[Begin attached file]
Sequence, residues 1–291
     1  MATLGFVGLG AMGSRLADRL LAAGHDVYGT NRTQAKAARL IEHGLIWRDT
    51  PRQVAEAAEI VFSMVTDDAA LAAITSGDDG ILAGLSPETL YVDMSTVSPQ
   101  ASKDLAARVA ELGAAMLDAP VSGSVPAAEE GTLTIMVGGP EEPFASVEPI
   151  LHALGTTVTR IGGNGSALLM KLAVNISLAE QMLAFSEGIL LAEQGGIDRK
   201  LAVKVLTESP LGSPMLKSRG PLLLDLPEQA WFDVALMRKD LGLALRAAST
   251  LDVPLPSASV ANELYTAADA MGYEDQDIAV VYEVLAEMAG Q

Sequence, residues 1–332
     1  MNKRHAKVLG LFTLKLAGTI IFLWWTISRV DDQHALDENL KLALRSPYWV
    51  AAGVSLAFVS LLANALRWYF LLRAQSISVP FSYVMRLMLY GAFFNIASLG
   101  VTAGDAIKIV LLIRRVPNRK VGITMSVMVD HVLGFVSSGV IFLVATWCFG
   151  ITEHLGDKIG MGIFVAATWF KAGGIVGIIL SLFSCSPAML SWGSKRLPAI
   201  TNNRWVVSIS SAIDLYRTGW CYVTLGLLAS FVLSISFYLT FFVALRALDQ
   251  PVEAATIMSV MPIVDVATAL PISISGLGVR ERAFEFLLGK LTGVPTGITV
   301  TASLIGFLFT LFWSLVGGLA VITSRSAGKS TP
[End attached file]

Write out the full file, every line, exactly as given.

Sequence, residues 1–291
     1  MATLGFVGLG AMGSRLADRL LAAGHDVYGT NRTQAKAARL IEHGLIWRDT
    51  PRQVAEAAEI VFSMVTDDAA LAAITSGDDG ILAGLSPETL YVDMSTVSPQ
   101  ASKDLAARVA ELGAAMLDAP VSGSVPAAEE GTLTIMVGGP EEPFASVEPI
   151  LHALGTTVTR IGGNGSALLM KLAVNISLAE QMLAFSEGIL LAEQGGIDRK
   201  LAVKVLTESP LGSPMLKSRG PLLLDLPEQA WFDVALMRKD LGLALRAAST
   251  LDVPLPSASV ANELYTAADA MGYEDQDIAV VYEVLAEMAG Q

Sequence, residues 1–332
     1  MNKRHAKVLG LFTLKLAGTI IFLWWTISRV DDQHALDENL KLALRSPYWV
    51  AAGVSLAFVS LLANALRWYF LLRAQSISVP FSYVMRLMLY GAFFNIASLG
   101  VTAGDAIKIV LLIRRVPNRK VGITMSVMVD HVLGFVSSGV IFLVATWCFG
   151  ITEHLGDKIG MGIFVAATWF KAGGIVGIIL SLFSCSPAML SWGSKRLPAI
   201  TNNRWVVSIS SAIDLYRTGW CYVTLGLLAS FVLSISFYLT FFVALRALDQ
   251  PVEAATIMSV MPIVDVATAL PISISGLGVR ERAFEFLLGK LTGVPTGITV
   301  TASLIGFLFT LFWSLVGGLA VITSRSAGKS TP